16 July 2007

Parker House Rolls (with how-I)

Being on an international forum like the eGullet forums can really mess you up. You get all sorts of ideas in your head about things you've never done before, and things you've never eaten, and how actually making them can satisfy both hungers-- for experience and for taste. The problem is, my skill set is limited. So I thought before I venture into the land of bread-baking, I might start with something not too equipment-intensive, and with a taste I actually crave for-- Dinner Rolls. As a kid I saw a recipe for Parker House Rolls in the Betty Crocker Encyclopedia of Cooking (ca. 1960), which is really a shape "invented" by the folks at the Parker House Hotel in Boston, Massachusetts. (Recipe can be found here). Note I called this a "How-I", not a "How-to", because I'd recommend a heavy-duty mixer, not what I did here. Oh, and bread-making know-how. But I'm getting there.
Parker House Rolls
Here's where it starts. All your ingredients and materials, ready for use.

Here's the initial mix: 2 1/4 cup of flour, a stick of unsalted butter, 4 1/2 tsp instant yeast, 2 tsp salt, 1/2 cup sugar. I blended it with my hands, because it's very dry and my hand mixer won't be able to handle it.

Add in 2 cups of hot tap water (60°C) gradually. In retrospect, since humidity is high in this country, I should have added much less. It'll turn into a runny batter, so the whisk is okay for use after a while.

Stir in the rest of the 6 cups of flour (minus 1/2 cup) with a strong spoon.

Plop it onto a lightly floured surface and start kneading, incorporating 1/2 cup of flour in the process. The prescribed time is 10 minutes, but due to the excess water, softness of flour (all-purpose flour has less protein than bread flour, so gluten development leaves a lot to be desired), I KNEADED IT BY HAND FOR AN HOUR. Lesson: buy a heavy-duty mixer. I needed the exercise, so I think I'll keep doing this.

By the way, I didn't just use one hand. The other was taking a picture. But I was really mean to the dough, abusing it. After an hour, it kind of passed the "window test" (you should be able to stretch it thin), I said "fuck it, I'm so tired."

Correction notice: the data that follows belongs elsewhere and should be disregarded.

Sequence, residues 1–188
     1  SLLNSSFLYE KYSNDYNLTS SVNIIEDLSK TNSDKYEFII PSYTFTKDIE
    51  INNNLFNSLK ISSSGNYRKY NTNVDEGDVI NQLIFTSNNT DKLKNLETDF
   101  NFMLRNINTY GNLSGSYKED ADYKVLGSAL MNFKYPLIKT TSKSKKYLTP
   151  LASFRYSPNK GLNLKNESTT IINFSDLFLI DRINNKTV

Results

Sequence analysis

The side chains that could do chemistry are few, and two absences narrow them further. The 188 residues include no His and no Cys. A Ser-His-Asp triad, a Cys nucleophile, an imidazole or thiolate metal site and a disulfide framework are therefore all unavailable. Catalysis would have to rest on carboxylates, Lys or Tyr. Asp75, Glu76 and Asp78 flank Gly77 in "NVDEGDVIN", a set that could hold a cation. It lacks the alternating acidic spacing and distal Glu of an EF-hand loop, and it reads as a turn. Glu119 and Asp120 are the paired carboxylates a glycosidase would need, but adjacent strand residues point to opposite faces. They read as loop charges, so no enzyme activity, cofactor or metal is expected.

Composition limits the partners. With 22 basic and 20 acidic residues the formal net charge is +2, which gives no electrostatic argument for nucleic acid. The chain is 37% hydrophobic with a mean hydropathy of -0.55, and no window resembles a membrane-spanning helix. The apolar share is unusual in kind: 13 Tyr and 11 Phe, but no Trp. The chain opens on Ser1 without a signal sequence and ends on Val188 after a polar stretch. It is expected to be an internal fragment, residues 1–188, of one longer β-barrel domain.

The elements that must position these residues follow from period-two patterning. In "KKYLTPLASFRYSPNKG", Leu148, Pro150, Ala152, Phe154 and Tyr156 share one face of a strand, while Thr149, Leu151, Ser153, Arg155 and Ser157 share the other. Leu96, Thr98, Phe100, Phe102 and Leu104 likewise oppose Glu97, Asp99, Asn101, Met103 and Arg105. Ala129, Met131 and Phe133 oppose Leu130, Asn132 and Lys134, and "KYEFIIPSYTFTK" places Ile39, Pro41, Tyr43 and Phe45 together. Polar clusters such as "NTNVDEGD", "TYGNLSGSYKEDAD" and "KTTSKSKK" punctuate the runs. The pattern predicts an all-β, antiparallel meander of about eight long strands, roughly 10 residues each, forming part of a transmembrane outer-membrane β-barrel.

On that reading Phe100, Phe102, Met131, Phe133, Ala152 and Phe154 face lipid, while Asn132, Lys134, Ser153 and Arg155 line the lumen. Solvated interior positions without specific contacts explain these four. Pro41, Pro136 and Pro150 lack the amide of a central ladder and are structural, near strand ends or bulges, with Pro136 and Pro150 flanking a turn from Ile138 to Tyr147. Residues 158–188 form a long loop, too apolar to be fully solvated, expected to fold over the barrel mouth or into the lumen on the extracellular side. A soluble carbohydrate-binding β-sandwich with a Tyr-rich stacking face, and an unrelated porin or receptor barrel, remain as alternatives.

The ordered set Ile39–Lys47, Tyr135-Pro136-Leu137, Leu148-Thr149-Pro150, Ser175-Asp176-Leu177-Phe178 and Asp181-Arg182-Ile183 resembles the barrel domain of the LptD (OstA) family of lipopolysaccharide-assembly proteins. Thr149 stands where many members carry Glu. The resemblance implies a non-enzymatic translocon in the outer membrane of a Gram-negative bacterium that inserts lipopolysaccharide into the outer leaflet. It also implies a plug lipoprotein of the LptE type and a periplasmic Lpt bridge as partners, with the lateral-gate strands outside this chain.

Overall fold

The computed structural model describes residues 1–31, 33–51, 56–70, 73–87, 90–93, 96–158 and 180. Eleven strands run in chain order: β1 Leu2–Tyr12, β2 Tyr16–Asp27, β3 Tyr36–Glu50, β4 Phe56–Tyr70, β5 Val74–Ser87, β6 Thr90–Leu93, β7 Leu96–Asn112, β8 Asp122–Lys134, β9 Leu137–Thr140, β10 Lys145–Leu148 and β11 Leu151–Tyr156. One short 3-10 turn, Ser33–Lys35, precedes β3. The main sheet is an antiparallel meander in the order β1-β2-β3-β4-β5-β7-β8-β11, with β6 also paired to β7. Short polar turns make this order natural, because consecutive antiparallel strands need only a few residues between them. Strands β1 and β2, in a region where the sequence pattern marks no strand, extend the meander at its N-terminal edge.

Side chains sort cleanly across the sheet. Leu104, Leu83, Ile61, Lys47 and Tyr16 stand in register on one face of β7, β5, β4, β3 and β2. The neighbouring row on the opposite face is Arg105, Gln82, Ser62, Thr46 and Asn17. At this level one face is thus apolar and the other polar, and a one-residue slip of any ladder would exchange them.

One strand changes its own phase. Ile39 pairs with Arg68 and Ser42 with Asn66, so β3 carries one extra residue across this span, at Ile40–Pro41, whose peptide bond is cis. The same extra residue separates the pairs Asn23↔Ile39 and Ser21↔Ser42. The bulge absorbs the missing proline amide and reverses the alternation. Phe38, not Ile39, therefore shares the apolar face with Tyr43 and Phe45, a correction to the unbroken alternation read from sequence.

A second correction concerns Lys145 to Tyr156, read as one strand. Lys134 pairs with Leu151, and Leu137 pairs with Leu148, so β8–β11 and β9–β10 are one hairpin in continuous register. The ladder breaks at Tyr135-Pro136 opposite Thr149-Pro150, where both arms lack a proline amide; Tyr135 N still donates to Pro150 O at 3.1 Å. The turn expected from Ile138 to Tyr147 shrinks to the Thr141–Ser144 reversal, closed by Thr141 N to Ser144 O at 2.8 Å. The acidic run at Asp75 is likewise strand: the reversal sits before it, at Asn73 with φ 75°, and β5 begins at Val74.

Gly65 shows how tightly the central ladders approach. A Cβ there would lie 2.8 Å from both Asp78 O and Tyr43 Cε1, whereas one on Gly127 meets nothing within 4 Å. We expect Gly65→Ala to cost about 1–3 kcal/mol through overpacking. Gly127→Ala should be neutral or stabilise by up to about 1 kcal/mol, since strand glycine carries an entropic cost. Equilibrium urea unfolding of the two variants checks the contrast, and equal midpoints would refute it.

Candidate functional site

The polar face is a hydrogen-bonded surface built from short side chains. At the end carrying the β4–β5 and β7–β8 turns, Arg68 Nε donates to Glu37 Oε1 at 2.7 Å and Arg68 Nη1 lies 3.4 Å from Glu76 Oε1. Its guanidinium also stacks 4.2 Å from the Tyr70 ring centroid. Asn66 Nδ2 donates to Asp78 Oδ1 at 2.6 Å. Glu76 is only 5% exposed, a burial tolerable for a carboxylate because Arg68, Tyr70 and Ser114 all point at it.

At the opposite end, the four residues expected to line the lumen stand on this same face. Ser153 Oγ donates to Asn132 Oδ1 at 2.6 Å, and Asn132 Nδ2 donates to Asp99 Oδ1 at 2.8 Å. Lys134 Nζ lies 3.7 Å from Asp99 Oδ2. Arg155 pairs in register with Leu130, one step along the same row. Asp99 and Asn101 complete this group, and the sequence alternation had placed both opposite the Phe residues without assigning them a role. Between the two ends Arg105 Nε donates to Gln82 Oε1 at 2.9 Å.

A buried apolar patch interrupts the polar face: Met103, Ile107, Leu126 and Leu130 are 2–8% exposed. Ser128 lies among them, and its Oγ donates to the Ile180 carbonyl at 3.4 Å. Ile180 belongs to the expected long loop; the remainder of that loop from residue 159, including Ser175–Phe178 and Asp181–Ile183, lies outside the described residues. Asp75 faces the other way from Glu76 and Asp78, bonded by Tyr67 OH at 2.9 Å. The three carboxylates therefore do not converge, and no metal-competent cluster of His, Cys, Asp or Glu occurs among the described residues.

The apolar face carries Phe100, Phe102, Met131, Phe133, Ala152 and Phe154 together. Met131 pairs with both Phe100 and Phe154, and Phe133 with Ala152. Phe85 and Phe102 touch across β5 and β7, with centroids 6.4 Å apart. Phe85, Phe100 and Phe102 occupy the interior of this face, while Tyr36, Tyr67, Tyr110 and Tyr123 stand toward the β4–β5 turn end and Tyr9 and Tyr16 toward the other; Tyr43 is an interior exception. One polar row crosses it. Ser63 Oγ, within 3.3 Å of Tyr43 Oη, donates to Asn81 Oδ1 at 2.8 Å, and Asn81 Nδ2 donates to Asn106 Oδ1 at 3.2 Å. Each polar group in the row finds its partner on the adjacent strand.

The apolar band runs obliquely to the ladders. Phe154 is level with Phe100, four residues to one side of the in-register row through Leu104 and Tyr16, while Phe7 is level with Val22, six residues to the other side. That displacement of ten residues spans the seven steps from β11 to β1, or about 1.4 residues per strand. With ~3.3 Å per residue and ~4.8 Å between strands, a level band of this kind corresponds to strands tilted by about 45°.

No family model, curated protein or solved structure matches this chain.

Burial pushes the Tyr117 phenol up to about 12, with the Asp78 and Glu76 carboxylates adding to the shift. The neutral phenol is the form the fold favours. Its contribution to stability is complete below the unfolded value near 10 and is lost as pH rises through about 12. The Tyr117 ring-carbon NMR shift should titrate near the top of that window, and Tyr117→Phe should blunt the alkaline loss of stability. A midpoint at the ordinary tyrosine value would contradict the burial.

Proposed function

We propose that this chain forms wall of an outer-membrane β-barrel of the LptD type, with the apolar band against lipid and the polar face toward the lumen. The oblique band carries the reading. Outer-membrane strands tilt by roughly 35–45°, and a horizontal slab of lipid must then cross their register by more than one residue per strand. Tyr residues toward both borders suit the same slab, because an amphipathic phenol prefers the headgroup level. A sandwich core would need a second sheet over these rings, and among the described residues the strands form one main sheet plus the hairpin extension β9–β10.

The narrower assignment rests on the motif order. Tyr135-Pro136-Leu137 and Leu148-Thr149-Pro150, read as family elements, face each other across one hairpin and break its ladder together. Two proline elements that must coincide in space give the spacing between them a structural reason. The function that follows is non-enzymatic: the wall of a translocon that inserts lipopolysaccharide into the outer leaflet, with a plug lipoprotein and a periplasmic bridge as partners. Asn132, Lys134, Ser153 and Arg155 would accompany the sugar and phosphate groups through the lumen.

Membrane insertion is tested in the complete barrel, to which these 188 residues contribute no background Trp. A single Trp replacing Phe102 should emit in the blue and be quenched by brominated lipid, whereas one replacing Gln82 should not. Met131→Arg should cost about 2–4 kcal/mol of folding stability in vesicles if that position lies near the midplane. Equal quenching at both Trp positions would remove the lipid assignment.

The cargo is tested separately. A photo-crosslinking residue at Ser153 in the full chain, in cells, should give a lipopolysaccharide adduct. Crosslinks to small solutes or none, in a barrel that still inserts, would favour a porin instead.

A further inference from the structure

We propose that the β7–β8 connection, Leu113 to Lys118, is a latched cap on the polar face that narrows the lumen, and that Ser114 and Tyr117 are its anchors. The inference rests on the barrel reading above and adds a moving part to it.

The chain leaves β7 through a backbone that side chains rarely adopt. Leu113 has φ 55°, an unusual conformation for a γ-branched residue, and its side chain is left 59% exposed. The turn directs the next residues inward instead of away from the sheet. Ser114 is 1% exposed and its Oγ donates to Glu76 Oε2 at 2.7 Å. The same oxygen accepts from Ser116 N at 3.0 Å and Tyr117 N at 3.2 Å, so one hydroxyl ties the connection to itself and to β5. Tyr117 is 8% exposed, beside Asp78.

Turn it into a ball by stretching the surface towards the underside and place upside-down in an oiled bowl. Leave it alone to proof. After you've let it double, 2 fingers should leave a depression. This happened in half the prescribed time, but a slow rise is actually preferred, so minus points for our climate (despite the fact that yeast multiplies better here).

Deflate carefully by bringing the edges to the center while pushing it gently down, then knead it for a while till it comes to a smooth ball, then cover with the bowl and rest again for 15 minutes. It'll rise again.

Roll it out on the floured surface into half an inch thickness, then use a floured 2 3/4 inch cutter to cut out circles. Unfortunately, the dough was still rising even while I was cutting it, so it didn't stay half an inch for long. Not good if you want a nice, recognizable Parker House shape.

Dip it in the melted butter in the roasting pan and lay them out in rows, then bake in a preheated 205°C (400°F) oven for 17 minutes. I baked mine for a little longer (around 20 minutes) but they're still pale.

If you notice, the bottoms are still quite greasy. There was too much butter left over at the bottom of the pan. I'm not the type to slather butter over rolls, so I didn't appreciate this, not to mention it made them a little soggy at the bottom, which I'm not a fan of either.

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